GREEN SCREEN

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Curatorial Statement

The Main Green is the social and geographic center of Brown University's campus. It is the primary intersection: a space that is traversed by the entire student body, staff, and members of the Providence community at large. It signifies a space of congregation and self-observation to the student body. The Green also serves as the stage for routine social interaction; students meet friends on the green; they select prime seating; they cross it en route to the aged facades that serve as its perimeter. It is also the site of spectacle and surveillance: social awareness is at its peak. The Green is the only space that guarantees public attention---it is impossible to elude. When alien objects are placed in this social space for political or creative purposes, they alter the familiar landscape. This transformation directs the gaze of everyday traffic; people are compelled to investigate the newly estranged environment.

GREEN SCREEN channels this curiosity, demanding active participation to understand the transformed topography. Dynamic pieces call into existence new microcosms within the boundaries of the Green through spatial fragmentation. These fragments, however, are realigned to form a new coherence: facilitated by the reciprocal dialogue between alien object and preexisting space. In initiating this collaborative transformation, GREEN SCREEN is a spatial intervention. It populates the green with miniature interactive domains and relational performances that foster transformative artistic discourse. GREEN SCREEN is a one-day exhibition in which the Main Green becomes multifaceted realm of rediscovery and artistic exploration.

The show is composed of site-specific installations, performance, sculptures and video.

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Noah Rose's Wikipedia Space Hologram is an optical illusion that questions the importance of physicality in the digital age. In a small enclosure, a vaporous projection of the live artist appears to the spectator, who must then choose to engage or ignore this distorted figure. This illusionary performance demands the spectator to cognitively map himself within a space of conflated physical and virtual realities.

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In dialogue, Open Cube articulates corporal and digital space as separate while simultaneously linking them in conversation. A large-scale white cube rests on the green, inside which performers are obscured from view. Spectators cannot see inside the structure; they must use the neighboring computer to tap into a live feed connected to a webcam within the cube. By typing commands on the keyboard, participants can direct the actions of performers: creating a micro network on the Green. Unable to render embedded object: File (DSC_0673.jpg) not found.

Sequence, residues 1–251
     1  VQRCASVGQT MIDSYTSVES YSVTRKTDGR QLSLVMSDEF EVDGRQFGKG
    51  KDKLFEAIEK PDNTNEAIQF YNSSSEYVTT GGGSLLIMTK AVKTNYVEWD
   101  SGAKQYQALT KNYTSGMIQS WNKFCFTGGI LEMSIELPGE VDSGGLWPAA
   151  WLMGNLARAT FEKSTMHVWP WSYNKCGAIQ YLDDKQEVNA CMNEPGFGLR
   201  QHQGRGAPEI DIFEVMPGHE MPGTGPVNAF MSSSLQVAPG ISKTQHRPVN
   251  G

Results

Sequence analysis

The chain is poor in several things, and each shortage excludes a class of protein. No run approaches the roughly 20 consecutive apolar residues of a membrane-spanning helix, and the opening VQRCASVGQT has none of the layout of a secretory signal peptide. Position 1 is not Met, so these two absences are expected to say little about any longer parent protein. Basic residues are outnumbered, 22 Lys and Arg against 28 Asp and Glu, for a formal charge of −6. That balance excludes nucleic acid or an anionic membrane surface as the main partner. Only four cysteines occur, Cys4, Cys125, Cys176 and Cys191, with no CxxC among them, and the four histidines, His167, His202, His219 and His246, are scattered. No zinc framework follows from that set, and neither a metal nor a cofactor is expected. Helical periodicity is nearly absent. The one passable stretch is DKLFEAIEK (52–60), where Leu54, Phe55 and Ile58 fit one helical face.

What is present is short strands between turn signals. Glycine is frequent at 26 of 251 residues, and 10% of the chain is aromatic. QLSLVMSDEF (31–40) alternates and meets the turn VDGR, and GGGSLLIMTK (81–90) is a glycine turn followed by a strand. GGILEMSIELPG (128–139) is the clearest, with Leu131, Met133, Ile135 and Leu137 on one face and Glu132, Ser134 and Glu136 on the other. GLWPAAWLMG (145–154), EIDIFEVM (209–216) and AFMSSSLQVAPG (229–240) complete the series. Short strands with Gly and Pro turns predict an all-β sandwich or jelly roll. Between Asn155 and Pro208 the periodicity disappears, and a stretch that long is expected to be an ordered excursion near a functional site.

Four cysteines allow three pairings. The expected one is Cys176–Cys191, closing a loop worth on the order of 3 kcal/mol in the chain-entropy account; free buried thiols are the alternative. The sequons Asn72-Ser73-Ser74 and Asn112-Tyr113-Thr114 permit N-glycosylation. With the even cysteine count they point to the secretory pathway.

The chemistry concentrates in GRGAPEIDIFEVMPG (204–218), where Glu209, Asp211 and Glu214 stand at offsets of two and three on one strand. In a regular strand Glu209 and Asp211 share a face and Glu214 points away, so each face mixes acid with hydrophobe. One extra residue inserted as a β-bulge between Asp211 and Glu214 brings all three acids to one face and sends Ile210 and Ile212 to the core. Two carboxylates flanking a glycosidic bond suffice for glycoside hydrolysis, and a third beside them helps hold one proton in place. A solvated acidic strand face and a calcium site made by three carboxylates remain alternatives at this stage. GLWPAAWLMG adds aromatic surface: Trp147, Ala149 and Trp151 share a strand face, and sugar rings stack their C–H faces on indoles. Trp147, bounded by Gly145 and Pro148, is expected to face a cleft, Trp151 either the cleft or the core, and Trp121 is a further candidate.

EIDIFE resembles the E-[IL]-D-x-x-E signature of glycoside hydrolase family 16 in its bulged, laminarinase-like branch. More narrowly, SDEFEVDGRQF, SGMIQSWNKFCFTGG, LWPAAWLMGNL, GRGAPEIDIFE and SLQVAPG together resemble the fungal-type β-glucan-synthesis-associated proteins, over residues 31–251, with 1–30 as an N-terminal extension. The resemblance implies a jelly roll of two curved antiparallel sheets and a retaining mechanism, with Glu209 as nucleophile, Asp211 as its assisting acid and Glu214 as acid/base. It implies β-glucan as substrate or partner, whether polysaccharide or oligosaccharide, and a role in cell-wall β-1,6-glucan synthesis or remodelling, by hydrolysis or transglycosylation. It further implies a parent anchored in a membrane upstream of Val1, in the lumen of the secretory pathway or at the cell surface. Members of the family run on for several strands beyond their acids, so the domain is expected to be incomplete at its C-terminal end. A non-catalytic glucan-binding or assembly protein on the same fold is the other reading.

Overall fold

In dissonance, Survival Technology, by Whitney Alsup and Leif Gann-Matzen, is a small tent-refuge representing the "architecture of necessity" in a modern technocracy. The structure is built from fatigued cardboard: the unappreciated detritus of consumption. Its interior is covered in reflective space blankets to fashion a nomadic survival hut.

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Disavowing the digital age, Tea, a performance piece by the Brown University Movement Experiment (BUME), harnesses the performativity of tradition and antiquity. A lavish five-hour picnic activates the Main Green by installing a moving portrait: a spectacle of opulence and exaggerated savoir-faire. The observer must make a choice; remain detached and enjoy this visual fanfare from afar, or enter into this realm of pure indulgence---laden with china teacups and extravagant costume.

Xavier Valentine's audio-visual performance, Black Zen, integrates music, light, and smoke to evoke cacophonic otherworldly environments. The constructed atmosphere causes the spectator to feel isolated within the hub of campus relations.

Ashley Zelenskie's Secrets also serves to distort public and private spheres. Spectators are encouraged to enter this seemingly sacred space on the periphery of the Green, kneel down on the prayer cushion, and confess their secrets into the nearby microphone. The microphone, however, does not amplify sound; it funnels it into a muted glass vacuum bell jar.

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Cecilia Salama's large-scale sculpture, Flux, appears at once gritty and elegant. Stiff billows of soiled fabric pour forth from an ordered and self-contained grid of welded steel. Its industrial design distorts the organic quality of the green space.

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Earth, sky, and vinyl converge seamlessly within Axis Mundi, a video projection piece created by Julieta Cardenas and Matthew Weiss. The work is an imaginative aberration, which seeps into our line of vision. Layering continuous footage of the sky with stop motion animation, Axis Mundi uses digital technology to convert the Green's skyline into a canvas.

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Ashley Zelinskie's Cocoon - a performance-installation hybrid - also manipulates nature and alters its topology. Throughout the day, the artist will construct a large-scale cocoon using string and sticky silicon, gradually weaving a fragile cove.

Rather than manipulating the Main Green as a backdrop for surreal action, GREEN SCREEN calls for an integrated incarnation of the physical and aesthetic spaces.

by Jordan Carter, Joe de Jonge, Amy Lehrburger, and Danielle Sheridan
Curatorial Board of GREEN SCREEN
Brown University

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